Choban and colleagues[13,14] designed 2 prospective trials comparing hypocaloric and routine caloric doses of parenteral nutrition in obese (weight >130% IBW) patients. In the first study,[13] energy expenditure was measured by indirect calorimetry, and caloric intake was modified to deliver 100% of that amount in the high caloric group and 50% of that amount in the hypocaloric group. Both groups received protein at a dose of 2 g/kg IBW per day. There were no significant differences between the groups in nitrogen balance.

In the subsequent study by this group,[14] a specific parenteral nutrition formula was used for the hypocaloric group, the dose of which was based on the amount needed to deliver 2 g protein/kg IBW. This approach obviated the need for measured energy expenditure, a technique that is not available to most organizations. This regimen (14 ± 3 calories per kg actual body weight) was compared with a traditional daily dose (22 ± 5 calories per kg actual body weight), with both groups receiving 2 g protein/kg IBW. Again, nitrogen balance was similar and there was a trend toward better glucose control in the hypocaloric group.[14]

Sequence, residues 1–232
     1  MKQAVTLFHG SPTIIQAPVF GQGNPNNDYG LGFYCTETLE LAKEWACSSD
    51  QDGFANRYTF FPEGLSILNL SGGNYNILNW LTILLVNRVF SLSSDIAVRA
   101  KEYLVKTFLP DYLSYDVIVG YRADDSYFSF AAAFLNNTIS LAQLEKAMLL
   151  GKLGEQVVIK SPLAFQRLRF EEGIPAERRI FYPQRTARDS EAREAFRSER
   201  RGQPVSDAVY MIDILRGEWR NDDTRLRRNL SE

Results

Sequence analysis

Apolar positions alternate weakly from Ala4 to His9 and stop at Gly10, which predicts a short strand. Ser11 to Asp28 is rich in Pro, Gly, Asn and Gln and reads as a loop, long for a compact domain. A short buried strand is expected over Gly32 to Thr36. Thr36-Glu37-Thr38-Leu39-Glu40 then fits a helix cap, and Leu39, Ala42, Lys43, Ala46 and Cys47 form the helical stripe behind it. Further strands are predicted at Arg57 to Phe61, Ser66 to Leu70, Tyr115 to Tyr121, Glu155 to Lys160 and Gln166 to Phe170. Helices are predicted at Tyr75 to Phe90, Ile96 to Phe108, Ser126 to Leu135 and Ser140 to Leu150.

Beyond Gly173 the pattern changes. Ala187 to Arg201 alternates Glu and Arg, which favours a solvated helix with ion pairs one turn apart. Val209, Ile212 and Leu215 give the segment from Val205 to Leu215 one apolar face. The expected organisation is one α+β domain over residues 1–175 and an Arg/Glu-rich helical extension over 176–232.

Hypocaloric feeding is an intriguing nutrition approach for the obese patient, but it may also have some issues requiring further investigation. One patient in the Dickerson study developed a dry, scaly rash after 20 days of parenteral nutrition and nil per os.[12] The patient responded to supplemental zinc and intravenous fat emulsion, so it is unclear which deficiency was present. Also, reduced efficacy of hypocaloric feeding in older patients has been suggested by the work of Liu and colleagues,[15] but their retrospective study provided insufficient evidence to avoid hypocaloric feedings in these patients. However, the evidence does support the need to increase monitoring of hypocaloric feeding in the obese, older patient.